Richmond, VIC - St Bartholomew's Anglican

Denomination: Anglican

Saint: Bartholomew

Address: 300 Burnley Street, Richmond, Victoraia, 3121

Architect: Unknown

Traditional Owners: Wurundjeri people

Last Updated: 04/11/2021

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History and Architecture:

Plans to erect a church were well underway by 1849 when the government granted land at the corner of Bridge Road and Church Street on which to build 'a church, school house, and parsonage'. In May 1870 land at the South East corner of Burnley and Swan Street, East Richmond, or Burnley as the area was becoming called, stretching back as far as the railway, was granted by the government for the erection of another Church of England. It was on this site that Saint Bartholomews was later to be erected and remain until 1926.

A plan of the proposed building was prepared by Messers Langford and Hutchinson, and submitted to St. Stephens' vestry in September. It was received `with great satisfaction'. Tenders were called and that of Mr Robert Hutchinson of Swan Street was accepted, construction commencing in October, 1884. The building cost £378.

Plans for the erection of a more substantial church were put aside for some years as a result of the depression. In December 1903, shortly after the induction of the Reverend William Alfred Shaw the existing church was moved back 120 feet towards the railway to enable the proposed brick church to occupy the position at the corner of Burnley and Swan Streets. The foundation stone of the new St. Bartholomews church was laid by the Archbishop of Melbourne, The Most Reverend Henry Lowther Clarke, on the 16th July 1910. The Archbishop returned to conduct the opening and dedication service on the 6th December 1910 when over 600 people attended, of whom at least 200 were unable to be accommodated in the church.

The new building, of gothic design, consisted of a nave, a chancel, sancturary, vestry, p orch. and a baptistry. A large gothic arch led to the chancel where the choir were seated. The church was surmounted by a small tower and a steeple. Designed by architects Thomas Watt and Son and built by Mr J. Currie of Camberwell, the total cost was about £1500.

With the exception of the Livermore memorial window the windows of the church were transferred from the previous building and all date from 1910. Saint Bartholomew depicted in the central of the three windows behind the altar. These windows were donated by a devoted lady worshipper and were the work of Brooks Robinson and Co. At the opposite end of the church, high above the bapistry a window described as a "striking example of the leadlighters art', in glass and colours was erected in 1910 to the memory of Mr Edwin Lever secretary to the church for 17 years. The maker was Mr W.S. Hardy who at the same time supplied the other windows for the church.

The Bells
A peal of 8 chimed bells, tuned to the diatonic scale is in the Soldiers Memorial Tower. Installed by John Danks and Son Pty Ltd; they are believed to be the heaviest peal yet cast by an Australian bell founder. The peal was a gift of Mrs Challingsworth, an early member of the church. The tenor bell, the heaviest, weighs one ton, and was dedicated on 6th March 1927. The remainder of the peal was dedicated at a service held in the evening of the 3rd March 1929, after which selections were played on the bells by a party of bell ringers from St. Pauls Cathedral.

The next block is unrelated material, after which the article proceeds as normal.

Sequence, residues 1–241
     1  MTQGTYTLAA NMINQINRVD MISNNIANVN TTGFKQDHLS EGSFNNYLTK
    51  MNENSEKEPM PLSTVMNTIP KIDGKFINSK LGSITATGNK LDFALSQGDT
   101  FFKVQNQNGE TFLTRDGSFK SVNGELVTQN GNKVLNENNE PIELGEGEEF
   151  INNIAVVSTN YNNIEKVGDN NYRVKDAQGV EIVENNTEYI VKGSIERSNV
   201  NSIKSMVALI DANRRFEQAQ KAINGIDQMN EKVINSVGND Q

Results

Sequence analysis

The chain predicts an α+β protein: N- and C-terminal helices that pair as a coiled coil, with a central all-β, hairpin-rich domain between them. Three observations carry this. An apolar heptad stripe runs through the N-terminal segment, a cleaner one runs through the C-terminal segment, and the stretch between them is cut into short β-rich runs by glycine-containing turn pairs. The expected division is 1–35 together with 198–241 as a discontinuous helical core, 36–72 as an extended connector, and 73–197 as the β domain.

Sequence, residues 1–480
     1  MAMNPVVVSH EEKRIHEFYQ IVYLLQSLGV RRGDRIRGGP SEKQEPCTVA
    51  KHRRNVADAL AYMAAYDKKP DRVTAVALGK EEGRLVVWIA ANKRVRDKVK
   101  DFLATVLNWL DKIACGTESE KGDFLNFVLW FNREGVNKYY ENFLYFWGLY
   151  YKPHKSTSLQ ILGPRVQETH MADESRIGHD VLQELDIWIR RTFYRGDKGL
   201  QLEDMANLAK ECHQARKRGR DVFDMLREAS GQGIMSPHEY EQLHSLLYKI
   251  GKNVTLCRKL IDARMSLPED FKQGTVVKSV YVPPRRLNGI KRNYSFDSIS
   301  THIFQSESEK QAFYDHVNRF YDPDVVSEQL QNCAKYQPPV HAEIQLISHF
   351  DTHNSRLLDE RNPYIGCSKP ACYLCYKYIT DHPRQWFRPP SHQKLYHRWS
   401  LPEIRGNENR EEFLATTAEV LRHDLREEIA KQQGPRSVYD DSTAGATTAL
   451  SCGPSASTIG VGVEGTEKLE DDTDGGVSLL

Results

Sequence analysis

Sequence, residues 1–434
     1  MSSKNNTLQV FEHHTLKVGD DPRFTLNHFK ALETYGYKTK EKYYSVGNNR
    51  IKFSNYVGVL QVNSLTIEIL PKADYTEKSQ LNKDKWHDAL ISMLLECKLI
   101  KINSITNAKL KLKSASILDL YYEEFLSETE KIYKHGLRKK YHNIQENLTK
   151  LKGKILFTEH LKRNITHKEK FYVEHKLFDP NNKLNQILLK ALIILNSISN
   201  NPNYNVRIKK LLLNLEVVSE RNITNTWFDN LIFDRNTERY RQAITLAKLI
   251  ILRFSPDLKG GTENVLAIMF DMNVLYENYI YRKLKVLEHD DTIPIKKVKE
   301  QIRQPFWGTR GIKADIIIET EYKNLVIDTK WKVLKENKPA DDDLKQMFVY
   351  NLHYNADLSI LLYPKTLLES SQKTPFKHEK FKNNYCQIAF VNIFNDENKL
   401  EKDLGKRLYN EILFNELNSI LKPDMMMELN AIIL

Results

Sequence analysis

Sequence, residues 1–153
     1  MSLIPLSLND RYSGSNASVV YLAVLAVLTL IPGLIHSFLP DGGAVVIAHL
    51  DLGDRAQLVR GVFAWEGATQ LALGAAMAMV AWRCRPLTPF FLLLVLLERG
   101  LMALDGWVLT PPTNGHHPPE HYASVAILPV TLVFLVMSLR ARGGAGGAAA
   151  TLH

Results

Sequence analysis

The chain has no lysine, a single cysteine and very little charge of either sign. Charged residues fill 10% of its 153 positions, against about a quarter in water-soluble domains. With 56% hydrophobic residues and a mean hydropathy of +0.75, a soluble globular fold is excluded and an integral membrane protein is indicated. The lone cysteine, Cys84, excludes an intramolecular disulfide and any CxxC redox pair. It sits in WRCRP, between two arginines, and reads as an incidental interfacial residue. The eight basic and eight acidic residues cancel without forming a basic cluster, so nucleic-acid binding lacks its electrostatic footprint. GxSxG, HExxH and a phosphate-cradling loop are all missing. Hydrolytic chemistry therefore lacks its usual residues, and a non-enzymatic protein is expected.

A Foundation stone on the Church building reads, " This stone was laid by his Excellency The Governor of Victoria Lord Somers K.C.M.G. D.S.O. on 25th July 1926. As a memorial to the soldiers from this parish who fell in the Great War 1914 - 1918. Rev G. Gilder ThL Vicar, Gawler & Drummond F.F.R.V.I.A. Architects". 

A Foundation stone on the Hall reads, " This stone was laid to the Glory of God by His Grace the Archbishop of Melbourne Dr Harrington C Lees Saturday 19th December 1925. Rev G Gilder Vicar Gawler & Drummond F.F.R.I.V. Architects".


This list may not contain every serving cleric, past or present, for this church.
Further submissions welcomed.

Years Name Annotation D.o.B D.o.D
1890 - 1897 Rev Henry James Howell
1897 - 1900 Rev Henry Hesketh Jasper Norwood
1900 - 1903 Rev Alfred James Cole
1903 - 1908 Rev William Alfred Shaw
1908 - 1916 Rev Alfred Charles Gates
1916 - 1918 Rev Thomas Holyoaks Rust Locum
1918 - 1921 Rev Reginald Fenwick Brown 1887 1960
1921 - 1935 Rev George Gilder
1935 - 1942 Rev Leonard John Harwood 1893 1957
1943 - 1947 Rev David Herman Retick 1894 1961
1947 - Rev Harold John Thorp Asst
1947 - 1949 Rev Wilfred Holt 1914 2000
1949 - 1950 Deacon John Moroney
1950 - 1958 Rev Lyle James McIntyre
1958 - 1965 Rev Esmond Aylmer Leaver 1904 1991
1965 - 1972 Rev Albert Austin Smith 1915 1997
1973 - 1981 Rev Douglas Edwin Marshall
1981 - 1982 Bishop Allen Ernest Winter
1982 - Rev Barry Ronald Brown
1933 - 1935 Rev Edwin Douglas John Shaxted Curate 1906 1987


The Organ he pipe organ was first used at the church during a service held on the 12th October 1913. It had been built by George Fincham of Richmond in 1887 for the newly erected St. Michaels Roman Catholic Church, (now Cathedral) at Wagga Wagga in Ne w South Wales, Melbourne Grammar School bought the instrument in 1893 for installation in their chapel and it was from the school that the organ was acquired in 1913.


1. St Bartholomew's Anglican Church Burnley, A History of the first 100 years, 1885 - 1985
2. Cable Clergy Index.